The Guardian: Happy birthday, Nikola Tesla – thanks for the electricity

Electric motors, power generation, electricity delivered over great distances, radio and even those sparking towers in the Frankenstein films – a Yugoslav-born electrical engineer is the one to thank

“Look at those anachronistic Tesla coils, Fritz!” From the 1931 film Frankenstein. Photograph: The Kobal Collection/

Happy birthday, Nikola Tesla – although you aren’t alive today, having died in poverty on 7 January 1943 (having been born on 10 July 1856). Perhaps you’re spinning in your grave – which might be possible if some of the inventions inspired by your work on electromagnetism and forces are being used.

Many children are familiar with the Tesla coil – used at science demonstrations and lectures to demonstrate what happens when you discharge a high voltage (but low current: it’s current that kills, not voltage) over a small space. Films of Frankenstein often show, somewhat anachronistically, Tesla coils discharging lightning-like bolts like billy-o.

Tesla, an ethnic Serb from Smiljan, then part of the Austro-Hungarian empire, started out his engineering life working for a telephone company in Budapest in 1881, aged 24. He’d already studied physics and maths; While there – while walking in a park, in fact – he had an inspiration and solved the equations relating to a revolving magnetic field. Which he then drew in the ground with a stick and explained to a friend. Quite a patient friend, one suspects.

Not much to you, perhaps, but those equations govern the induction motor, which is now the most common form of electric motor: put three coils around an outside former, and put a rotating element inside. If you run a current through the outside coils, and get the timing just right, then you create a current (and hence magnetic force) in the coils in the inside. So the inside rotor turns, but it doesn’t have to touch the outer part: less friction means less energy used. (Compare that method to the carbon brushes needed in standard DC motors, which wear away where they touch the inner rotor.)

But it’s in the development of mains electricity – the underpinning of our modern age – that Tesla really rules. When Americans tell the story of Thomas Edison, the famous inventor of the gramophone, and whose name is usually attached to the invention of the light bulb, Tesla’s name is frequently left out.

However Tesla, who became an American citizen in 1891, worked with Edison for years, improving many of the early inventions and turning them into something workable. (The two were introduced in 1884, when Tesla came to the US, by a letter from a mutual friend to Edison which read “I know of two great men. One is you and the other is this young man.”)

Yet it’s thanks to Tesla, not Edison, that we have electricity coming out of plugs, and that we even have power stations able to generate serious amounts of energy. He won “the war of the currents” with Edison, who was convinced that direct current (DC) – the sort that comes out of an ordinary battery – was the way forward for power generation and distribution. Tesla was able to show that alternating current (AC) – which swaps its polarity at a regular rate, 50 times a second in UK mains electricity – was far more efficient (you don’t lose anything like as much energy in transmitting it over long distances).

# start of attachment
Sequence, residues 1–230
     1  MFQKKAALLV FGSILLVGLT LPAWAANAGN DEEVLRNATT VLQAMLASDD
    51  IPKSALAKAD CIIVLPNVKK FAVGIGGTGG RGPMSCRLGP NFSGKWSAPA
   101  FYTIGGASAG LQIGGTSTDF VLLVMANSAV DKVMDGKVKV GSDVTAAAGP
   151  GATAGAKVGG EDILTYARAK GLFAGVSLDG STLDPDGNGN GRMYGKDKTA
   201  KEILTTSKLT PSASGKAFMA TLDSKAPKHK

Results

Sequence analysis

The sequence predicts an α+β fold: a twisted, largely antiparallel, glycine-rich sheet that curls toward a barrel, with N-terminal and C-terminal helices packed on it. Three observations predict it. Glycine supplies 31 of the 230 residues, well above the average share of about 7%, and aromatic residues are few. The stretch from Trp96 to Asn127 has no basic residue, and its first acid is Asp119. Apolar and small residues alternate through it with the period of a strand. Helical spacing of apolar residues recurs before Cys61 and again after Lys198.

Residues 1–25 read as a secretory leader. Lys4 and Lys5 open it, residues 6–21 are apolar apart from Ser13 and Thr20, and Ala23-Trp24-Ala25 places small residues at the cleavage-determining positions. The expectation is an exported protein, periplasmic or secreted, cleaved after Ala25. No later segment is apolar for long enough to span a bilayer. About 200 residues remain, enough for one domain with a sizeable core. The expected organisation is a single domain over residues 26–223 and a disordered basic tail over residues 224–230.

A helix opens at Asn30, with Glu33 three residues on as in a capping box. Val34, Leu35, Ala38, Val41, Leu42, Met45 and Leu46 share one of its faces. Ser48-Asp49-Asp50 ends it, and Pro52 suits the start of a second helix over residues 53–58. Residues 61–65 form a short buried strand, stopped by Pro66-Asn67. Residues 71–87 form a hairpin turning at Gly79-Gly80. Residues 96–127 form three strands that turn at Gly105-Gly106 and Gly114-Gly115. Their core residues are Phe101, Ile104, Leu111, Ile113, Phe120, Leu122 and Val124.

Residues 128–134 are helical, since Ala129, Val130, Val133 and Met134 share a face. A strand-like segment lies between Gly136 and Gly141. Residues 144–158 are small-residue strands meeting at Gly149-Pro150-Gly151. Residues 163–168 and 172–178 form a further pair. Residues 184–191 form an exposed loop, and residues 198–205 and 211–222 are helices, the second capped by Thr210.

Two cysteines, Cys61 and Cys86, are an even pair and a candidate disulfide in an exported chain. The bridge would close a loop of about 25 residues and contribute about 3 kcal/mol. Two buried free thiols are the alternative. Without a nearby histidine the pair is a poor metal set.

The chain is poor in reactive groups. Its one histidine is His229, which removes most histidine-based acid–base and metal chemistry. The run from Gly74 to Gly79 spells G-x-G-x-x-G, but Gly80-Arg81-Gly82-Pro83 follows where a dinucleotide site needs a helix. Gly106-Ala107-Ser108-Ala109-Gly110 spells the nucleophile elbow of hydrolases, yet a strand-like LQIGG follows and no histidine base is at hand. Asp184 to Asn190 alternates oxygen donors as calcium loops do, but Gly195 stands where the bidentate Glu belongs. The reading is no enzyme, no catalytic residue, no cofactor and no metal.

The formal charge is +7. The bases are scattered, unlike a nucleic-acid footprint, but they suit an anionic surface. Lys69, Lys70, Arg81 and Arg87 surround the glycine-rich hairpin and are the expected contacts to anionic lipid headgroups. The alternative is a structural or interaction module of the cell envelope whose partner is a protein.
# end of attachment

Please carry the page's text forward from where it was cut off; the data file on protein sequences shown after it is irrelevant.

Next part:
Even though Edison took to electrocuting dogs in public displays to show just how dangerous AC was (no, really), Tesla won the day. Where DC could only be transmitted for a couple of miles before the resistance of the lines reduced it to nothing, AC can be transmitted at high voltages for many times that distance. (A side note: did you know that the distribution equipment – transformers, transmission lines – is 80% of the cost of running an electricity company? The power generation is only 20%. Which is why even if we had free electricity generation – say from nuclear fusion – the upkeep of the distribution network would still mean you’d get a bill every quarter. Quite probably it would still be for the house next door which isn’t on the same provider, too.)

And to quote his biography,

Among his discoveries are the fluorescent light , laser beam, wireless communications, wireless transmission of electrical energy, remote control, robotics, Tesla’s turbines and vertical take off aircraft. Tesla is the father of the radio and the modern electrical transmissions systems. He registered over 700 patents worldwide. His vision included exploration of solar energy and the power of the sea. He foresaw interplanetary communications and satellites.

Then again, he also had ideas for the “death ray” – what we might now recognise as a directed energy weapon – and an ion-propelled aircraft (which was proven to be feasible).

However his life ended sadly: he spent the last ten years of his life in the two-room suite 3327 of the New Yorker Hotel, having sold his patents and racked up substantial debts. After his death, the New York Supreme court ruled that he – rather than Marconi – invented the radio.

Even Google has noticed – given that New York State some time ago proclaimed today as Tesla’s birthday, and that the corner of 40th Street and 6th Avenue in Manhattan has a street sign saying “Nikola Tesla corner”.

If they were sensible, it would be a rotating sign, But you can’t have everything.

(The Guardian, 10. 7. 2009)

Categories: Стање@English

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1 reply

  1. “Yugoslav-born”, више од пола века пре појаве Југославије.

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